I recently got The Technomancer from GOG but when i went to play it, it just sat at the loading screen for ever. looking up the issue it seems to be one shared with the Steam version and some users have reported that if they used 1 or 8 CPU Cores it started to work.

I have no idea how many cores are actually being used when i run the game but i figured if i start with 1 core and work up until i'm using all of them i might get the game working. however looking up how to set the number of cores it looks like i need to reset the PC and i'd rather avoid that because i don't want to have to reset my PC every time i want to play one game and reset it again after to reset the setting for every other game where it isn't an issue (reason why i use Locale Emulator for my Japanese Games)

So is there a way to set out many CPU Cores a game uses without needed to reboot the PC?

  • That article is for setting the number of cores Windows uses, not the number games use.
    – Powerlord
    Feb 25, 2020 at 23:58

1 Answer 1


Newer versions of Windows let you set a program's Processor Affinity in two ways:

  1. When the program is running, you can adjust its Processor Affinity by opening the Task Manager (right-click the Task Bar and choose Task Manager), going to the Details tab, right-click the process you want to modify, and click Set affinity. From there, you can choose which core the program runs on.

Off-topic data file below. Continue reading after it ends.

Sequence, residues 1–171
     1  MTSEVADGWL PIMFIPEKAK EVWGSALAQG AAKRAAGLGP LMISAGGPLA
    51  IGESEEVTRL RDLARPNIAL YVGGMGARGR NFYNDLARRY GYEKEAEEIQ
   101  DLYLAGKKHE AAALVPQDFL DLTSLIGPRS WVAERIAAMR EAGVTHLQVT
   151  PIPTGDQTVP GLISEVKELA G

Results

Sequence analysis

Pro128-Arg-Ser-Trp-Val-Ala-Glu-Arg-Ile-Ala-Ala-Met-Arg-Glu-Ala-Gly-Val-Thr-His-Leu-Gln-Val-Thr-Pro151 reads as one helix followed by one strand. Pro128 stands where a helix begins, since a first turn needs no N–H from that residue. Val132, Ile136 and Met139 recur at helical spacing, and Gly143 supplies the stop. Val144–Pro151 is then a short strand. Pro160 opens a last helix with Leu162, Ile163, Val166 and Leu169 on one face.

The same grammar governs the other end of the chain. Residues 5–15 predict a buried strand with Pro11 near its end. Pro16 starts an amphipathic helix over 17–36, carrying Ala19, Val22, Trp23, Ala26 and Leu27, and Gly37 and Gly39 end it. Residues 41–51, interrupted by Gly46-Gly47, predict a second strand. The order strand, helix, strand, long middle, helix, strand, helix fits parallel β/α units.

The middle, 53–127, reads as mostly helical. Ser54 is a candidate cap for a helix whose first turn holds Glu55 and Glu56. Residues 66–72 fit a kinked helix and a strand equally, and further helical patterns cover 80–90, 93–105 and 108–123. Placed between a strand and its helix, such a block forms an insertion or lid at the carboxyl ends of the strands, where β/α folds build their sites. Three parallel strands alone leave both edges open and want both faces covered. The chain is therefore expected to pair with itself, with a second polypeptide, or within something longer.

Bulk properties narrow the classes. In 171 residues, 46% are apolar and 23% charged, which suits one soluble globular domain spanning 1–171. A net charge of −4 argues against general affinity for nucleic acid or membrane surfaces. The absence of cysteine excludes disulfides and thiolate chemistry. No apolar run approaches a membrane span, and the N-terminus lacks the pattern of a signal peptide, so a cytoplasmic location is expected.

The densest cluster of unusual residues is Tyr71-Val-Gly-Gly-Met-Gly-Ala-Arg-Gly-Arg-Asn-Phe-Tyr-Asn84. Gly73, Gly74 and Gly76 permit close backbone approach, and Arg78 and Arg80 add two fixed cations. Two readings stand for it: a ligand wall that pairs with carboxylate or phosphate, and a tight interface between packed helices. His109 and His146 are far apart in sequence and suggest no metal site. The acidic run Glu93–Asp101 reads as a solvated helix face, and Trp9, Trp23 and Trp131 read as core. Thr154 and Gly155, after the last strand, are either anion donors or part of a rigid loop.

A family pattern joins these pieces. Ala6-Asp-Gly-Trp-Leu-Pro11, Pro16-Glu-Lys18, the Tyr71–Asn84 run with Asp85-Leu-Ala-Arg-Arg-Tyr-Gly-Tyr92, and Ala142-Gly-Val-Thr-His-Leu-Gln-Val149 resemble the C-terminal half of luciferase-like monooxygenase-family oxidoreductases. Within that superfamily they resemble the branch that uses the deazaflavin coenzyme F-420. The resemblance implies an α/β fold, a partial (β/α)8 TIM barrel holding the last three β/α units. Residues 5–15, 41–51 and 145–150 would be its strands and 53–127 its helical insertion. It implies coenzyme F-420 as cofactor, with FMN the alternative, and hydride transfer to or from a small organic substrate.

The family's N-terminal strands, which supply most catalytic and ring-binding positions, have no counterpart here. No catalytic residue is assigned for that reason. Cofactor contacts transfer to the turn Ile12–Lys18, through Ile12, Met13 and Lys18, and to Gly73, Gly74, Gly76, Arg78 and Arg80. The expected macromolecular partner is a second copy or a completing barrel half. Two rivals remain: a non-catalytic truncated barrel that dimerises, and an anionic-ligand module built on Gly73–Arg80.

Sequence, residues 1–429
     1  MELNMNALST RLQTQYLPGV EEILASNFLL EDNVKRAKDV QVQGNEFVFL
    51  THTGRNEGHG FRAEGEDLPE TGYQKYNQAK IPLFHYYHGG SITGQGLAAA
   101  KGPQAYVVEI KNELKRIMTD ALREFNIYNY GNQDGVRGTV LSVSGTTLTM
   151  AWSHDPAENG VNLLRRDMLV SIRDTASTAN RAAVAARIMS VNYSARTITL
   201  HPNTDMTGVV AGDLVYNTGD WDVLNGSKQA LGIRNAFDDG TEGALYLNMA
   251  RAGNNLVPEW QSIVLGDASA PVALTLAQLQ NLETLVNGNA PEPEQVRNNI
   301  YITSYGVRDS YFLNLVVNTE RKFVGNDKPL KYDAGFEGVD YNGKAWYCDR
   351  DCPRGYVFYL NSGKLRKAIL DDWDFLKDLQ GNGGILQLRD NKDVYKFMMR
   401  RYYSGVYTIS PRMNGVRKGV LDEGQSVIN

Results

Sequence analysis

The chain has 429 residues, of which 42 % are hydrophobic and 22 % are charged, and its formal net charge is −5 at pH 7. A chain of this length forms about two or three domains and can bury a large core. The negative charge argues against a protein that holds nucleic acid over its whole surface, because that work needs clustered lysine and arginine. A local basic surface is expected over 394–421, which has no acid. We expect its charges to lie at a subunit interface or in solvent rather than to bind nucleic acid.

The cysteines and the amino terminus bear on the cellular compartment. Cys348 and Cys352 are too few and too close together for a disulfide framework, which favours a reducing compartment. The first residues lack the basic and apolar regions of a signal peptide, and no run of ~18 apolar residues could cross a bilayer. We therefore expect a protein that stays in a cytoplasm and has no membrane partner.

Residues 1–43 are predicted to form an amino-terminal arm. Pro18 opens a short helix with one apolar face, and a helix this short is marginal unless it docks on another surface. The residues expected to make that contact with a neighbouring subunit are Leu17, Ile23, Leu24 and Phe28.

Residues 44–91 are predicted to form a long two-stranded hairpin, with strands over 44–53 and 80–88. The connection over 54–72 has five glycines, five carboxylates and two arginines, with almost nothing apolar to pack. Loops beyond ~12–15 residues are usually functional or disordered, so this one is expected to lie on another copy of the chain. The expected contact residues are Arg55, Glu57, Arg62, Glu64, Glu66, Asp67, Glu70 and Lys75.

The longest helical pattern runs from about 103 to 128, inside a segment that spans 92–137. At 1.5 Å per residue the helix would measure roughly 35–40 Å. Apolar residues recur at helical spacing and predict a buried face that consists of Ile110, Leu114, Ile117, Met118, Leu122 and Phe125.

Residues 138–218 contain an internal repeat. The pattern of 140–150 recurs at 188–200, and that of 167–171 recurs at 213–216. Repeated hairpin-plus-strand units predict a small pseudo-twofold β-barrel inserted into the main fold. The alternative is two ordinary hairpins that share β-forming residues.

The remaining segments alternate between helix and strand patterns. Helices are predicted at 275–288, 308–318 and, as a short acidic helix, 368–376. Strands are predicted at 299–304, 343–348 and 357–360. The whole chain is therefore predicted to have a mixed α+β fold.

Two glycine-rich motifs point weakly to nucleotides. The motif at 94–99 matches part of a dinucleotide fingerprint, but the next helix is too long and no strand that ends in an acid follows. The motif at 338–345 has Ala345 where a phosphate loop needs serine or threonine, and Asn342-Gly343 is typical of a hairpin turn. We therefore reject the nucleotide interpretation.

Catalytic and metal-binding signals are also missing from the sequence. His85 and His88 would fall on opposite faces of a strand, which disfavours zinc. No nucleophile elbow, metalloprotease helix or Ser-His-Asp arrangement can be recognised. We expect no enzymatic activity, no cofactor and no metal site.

2. You can use the start command to launch a program with a particular process affinity, like so: start /affinity 2 c:\path\to\game.exe
    • You'll likely want to create a .bat or .ps1 file that you can double click to do this for you. A .bat file would look something like this:

%WINDIR%\system32\cmd.exe /C start /affinity 2 c:\path\to\game.exe

The number after /affinity is actually a hexadecimal bitmask; that is each core has a value that's a power of two:

  • 1 is core 1
  • 2 is core 2
  • 4 is core 3
  • 8 is core 4
  • 16 (hex 10) is core 5
  • 32 (hex 20) is core 6
  • 64 (hex 40) is core 7
  • 128 (hex 80) is core 8

You can add these numbers together if you want it to be able to run on multiple cores, but don't forget to convert it to hexadecimal or it won't work as you expect.


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